Vick’s Pitts Find Peace

An unprecedented rehabilitation effort has been put forth to rescue and foster Vick’s 47 surviving dogs since the Federal Court confiscPit
ated them over one year ago. Bred to be aggressive with other dogs, classic fighting pit bulls are bred to be friendly to people. Read more details.

Train That Canine!

Good Dog Manners Class
Begins August 23.

Love your dog but not his
manners?  Learn how to deal with or prevent unwanted behaviors like
jumping, mouthing, and leash-pulling in just 3 weeks.  This class is also
great for getting puppies off to an excellent start.  Instruction also
includes basic commands like Sit, Come and Stay.  Classes are taught by
nationally-certified trainer Mary Beth Knowles of Canines Content Dog-Friendly

For dogs 12 weeks of age
and up.  Class meets weekly for 3 weeks, Saturdays, 9-10 a.m. at Muttropolis Solana Beach. 227 S. Cedros Ave. For
more info or to enroll call 760-929-9252.


Beat the Heat


1. Car Heat: Avoid heat exhaustion and don’t leave your pet alone in the car. During warm weather, the inside of your car can reach 120° in a matter of minutes, even if you’re parked
in the shade.

2. Let the Fur Fly: Dogs with extremely thick or long fur should be trimmed during the hot summer months. Regular use of a FURminator Deshedding Tool can remove tremendous amounts of undercoat hair.       

3. Creative Cooling: Cooling
are great for dogs that are kept outside or if you do not have air conditioning in your home. Water filled cooling mats are safe and easy to use. Or try our Swamp CoolerT cooling vest for dogs.         

4. Water: Provide plenty of water and shade for your pets so they can stay cool. Be aware that water will vaporize on extremely hot days. Collapsible Water Bowls and Gulpy Water Bottles are convenient portable water sources for your pet.         

5. Exercise at Dusk & Dawn: Pets need exercise but on very hot days, limit exercise to early morning
    or evening hours. Keep in mind that asphalt gets very hot and can burn your pet’s paws. Protective
are a good way to protect paws from hot pavement.         

6. Avoid Sunburn: Pets can get sunburned too, and your pet may require sunscreen on his or her nose and ear tips. Especially pets with light-colored noses or light-colored fur on their ears.

Signs of Heat Exhaustion

Heavy panting, glazed eyes, a rapid pulse, unsteadiness, a staggering
gait, vomiting, or a deep red or purple tongue.             

What to do: Move the animal into
the shade or an air-conditioned area. Apply ice packs or cold towels to her head, neck, and chest or immerse them in cool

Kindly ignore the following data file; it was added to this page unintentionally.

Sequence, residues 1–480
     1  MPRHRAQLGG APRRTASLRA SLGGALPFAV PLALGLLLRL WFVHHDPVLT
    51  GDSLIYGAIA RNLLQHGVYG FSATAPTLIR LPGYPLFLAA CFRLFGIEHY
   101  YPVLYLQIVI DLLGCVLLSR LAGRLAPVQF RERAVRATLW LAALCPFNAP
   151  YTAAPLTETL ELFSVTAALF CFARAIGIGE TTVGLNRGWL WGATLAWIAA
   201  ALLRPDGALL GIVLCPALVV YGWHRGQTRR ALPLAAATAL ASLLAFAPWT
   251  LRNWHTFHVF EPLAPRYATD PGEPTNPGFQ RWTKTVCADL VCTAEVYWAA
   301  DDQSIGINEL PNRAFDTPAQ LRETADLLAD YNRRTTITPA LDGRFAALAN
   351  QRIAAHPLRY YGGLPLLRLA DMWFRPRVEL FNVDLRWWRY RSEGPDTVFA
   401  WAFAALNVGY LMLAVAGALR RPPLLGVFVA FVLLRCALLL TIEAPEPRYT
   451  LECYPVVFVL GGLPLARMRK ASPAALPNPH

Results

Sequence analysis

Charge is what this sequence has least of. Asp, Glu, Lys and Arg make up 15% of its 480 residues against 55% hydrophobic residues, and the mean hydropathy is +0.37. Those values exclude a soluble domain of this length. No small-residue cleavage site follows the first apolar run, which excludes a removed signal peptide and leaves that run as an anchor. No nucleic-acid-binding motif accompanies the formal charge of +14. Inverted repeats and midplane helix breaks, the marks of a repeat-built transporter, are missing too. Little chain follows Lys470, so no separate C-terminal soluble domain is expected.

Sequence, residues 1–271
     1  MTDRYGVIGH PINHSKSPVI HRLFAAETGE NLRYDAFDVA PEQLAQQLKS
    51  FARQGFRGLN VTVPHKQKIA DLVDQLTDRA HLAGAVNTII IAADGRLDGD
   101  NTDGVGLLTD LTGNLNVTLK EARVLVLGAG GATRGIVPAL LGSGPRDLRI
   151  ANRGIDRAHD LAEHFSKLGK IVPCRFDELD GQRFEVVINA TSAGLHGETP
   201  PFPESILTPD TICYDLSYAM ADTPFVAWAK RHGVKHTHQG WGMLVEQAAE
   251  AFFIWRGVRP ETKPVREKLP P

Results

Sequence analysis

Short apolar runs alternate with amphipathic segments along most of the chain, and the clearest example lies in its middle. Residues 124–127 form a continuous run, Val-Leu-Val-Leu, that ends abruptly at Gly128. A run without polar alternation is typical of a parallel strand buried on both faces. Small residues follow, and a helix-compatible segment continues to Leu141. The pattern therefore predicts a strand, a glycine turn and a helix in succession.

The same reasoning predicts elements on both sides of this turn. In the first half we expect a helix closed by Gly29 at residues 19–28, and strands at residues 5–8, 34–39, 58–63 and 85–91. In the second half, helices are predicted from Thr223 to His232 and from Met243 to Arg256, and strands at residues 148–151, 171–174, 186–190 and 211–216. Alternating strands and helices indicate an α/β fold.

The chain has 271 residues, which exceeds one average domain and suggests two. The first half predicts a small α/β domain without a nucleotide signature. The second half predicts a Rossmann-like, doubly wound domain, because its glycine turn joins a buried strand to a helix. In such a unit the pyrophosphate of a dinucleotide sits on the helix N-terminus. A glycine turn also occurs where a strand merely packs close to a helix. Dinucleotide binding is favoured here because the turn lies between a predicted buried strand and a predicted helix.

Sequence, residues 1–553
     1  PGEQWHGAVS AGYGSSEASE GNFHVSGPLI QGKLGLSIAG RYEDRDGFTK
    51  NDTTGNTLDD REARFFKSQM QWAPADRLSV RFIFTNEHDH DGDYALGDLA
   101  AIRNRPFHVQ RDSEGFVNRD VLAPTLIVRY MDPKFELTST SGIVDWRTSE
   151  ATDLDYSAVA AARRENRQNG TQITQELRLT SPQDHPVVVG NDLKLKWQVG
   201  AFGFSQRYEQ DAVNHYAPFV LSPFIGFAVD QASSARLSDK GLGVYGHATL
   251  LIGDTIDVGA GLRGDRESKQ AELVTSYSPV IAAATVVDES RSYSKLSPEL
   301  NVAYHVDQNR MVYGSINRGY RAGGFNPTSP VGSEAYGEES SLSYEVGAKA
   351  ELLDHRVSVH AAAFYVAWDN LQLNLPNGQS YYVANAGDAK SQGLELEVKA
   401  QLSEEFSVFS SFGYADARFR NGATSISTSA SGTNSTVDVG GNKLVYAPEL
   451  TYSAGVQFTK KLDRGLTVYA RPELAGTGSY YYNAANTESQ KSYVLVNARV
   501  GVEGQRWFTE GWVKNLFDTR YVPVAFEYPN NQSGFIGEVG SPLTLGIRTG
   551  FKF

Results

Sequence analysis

(not cold) water. Let them drink small amounts of cool water or lick ice cubes. Take them directly to a veterinarian.


Surf Dog Surf-a-thon: Beach Blanket Dingoes

On September 7th 2008, pets and their parents from all over San Diego will compete in the third annual Surf Dog Surf-a-thon to benefit the Helen Woodward Animal Center. Hopefully they will catch a lot of waves! Two-legged and four-legged surfers will raise money for animals based on how many waves they catch from pledges. Plus, all paw-ticipants will receive a special gift from Muttropolis!

Find out more!

Did You Know: In California it is illegal to leave a dog in a hot car.

Dogincar_2 Given the temperatures are reaching record highs across the nation, we thought it would be beneficial to remind everyone that Governor Schwarzenegger did indeed sign the bill  SB  1806
by Senator Liz Figueroa (D-Fremont) that makes a crime for pet
owners to carelessly leave animals unattended in vehicles during
dangerous conditions, such as hot weather. The bill was passed in 2006 and became a law in 2007.

Here are the details:

“Every year,
countless dogs die after being locked in cars while their owners work,
shop or run errands,” said Governor Schwarzenegger. “This bill will
prevent animals from suffering unbearable heat and death. 

"SB 1806 makes it a
crime for a person to leave a pet unattended in a vehicle in a way that
endangers the well-being of the animal due to heat, cold, lack of
adequate ventilation, or lack of food or water, or other circumstances
that could reasonably be expected to cause suffering or death.   Unless
the animal suffers great bodily injury, a first misdemeanor conviction
for this crime is punishable by a fine of $100 or less per animal. If
the animal suffers great bodily injury, the punishment is a fine of
$500 or less, a sentence of up to six months in county jail, or both.
A person convicted of felony animal cruelty is subject to a fine of
$20,000 or less, time in state prison, or both"

"Many pet owners are not aware that even
moderately warm temperatures outside can quickly lead to deadly
temperatures inside a closed car.  For example, within one hour an
outside temperature of 72 degrees Fahrenheit can cause conditions
inside a vehicle that adversely affects the health, safety, or
well-being of an animal.  Even with the windows left slightly open, an
85 degree outside temperature can cause a temperature of 102 degrees
inside a vehicle in 10 minutes, and can cause 120 degrees in just half
an hour.  A healthy dog, whose normal body temperature ranges from 101
to 102.5 degrees, can withstand a body temperature of 107 to 108
degrees for only a short time before suffering brain damage or death."

If you live in a state that doesn’t have this type of law, you might consider forwarding a copy of this legislation to your legislators and ask them to pass a
similar bill where you live. For more information on this legislation visit Gov. Schwarzenegger Signs Legislation to Protect Pets from Overheating in Vehicles

Please leave a comment or share your suggestions regarding this important topic!

Muttropolis Hosts Summer Olympic “Chomp-ianship” and Wag-a-thon Event and Benefit: Pets and their parents to experience the thrill of victory or the agony of no treats.